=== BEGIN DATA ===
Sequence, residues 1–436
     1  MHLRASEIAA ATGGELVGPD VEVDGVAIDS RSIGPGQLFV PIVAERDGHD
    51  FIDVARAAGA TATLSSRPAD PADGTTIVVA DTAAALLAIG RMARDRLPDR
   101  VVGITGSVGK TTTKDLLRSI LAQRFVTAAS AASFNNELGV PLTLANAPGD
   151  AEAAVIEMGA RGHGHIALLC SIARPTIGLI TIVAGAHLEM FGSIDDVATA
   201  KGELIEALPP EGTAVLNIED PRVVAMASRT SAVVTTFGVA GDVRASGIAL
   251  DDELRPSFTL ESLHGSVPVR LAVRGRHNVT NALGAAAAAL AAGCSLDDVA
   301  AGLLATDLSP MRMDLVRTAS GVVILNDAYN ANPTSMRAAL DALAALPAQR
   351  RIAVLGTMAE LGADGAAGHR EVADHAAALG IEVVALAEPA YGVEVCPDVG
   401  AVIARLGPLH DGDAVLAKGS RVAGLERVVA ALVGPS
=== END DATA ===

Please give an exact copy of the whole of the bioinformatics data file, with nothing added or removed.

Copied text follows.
Sequence, residues 1–436
     1  MHLRASEIAA ATGGELVGPD VEVDGVAIDS RSIGPGQLFV PIVAERDGHD
    51  FIDVARAAGA TATLSSRPAD PADGTTIVVA DTAAALLAIG RMARDRLPDR
   101  VVGITGSVGK TTTKDLLRSI LAQRFVTAAS AASFNNELGV PLTLANAPGD
   151  AEAAVIEMGA RGHGHIALLC SIARPTIGLI TIVAGAHLEM FGSIDDVATA
   201  KGELIEALPP EGTAVLNIED PRVVAMASRT SAVVTTFGVA GDVRASGIAL
   251  DDELRPSFTL ESLHGSVPVR LAVRGRHNVT NALGAAAAAL AAGCSLDDVA
   301  AGLLATDLSP MRMDLVRTAS GVVILNDAYN ANPTSMRAAL DALAALPAQR
   351  RIAVLGTMAE LGADGAAGHR EVADHAAALG IEVVALAEPA YGVEVCPDVG
   401  AVIARLGPLH DGDAVLAKGS RVAGLERVVA ALVGPS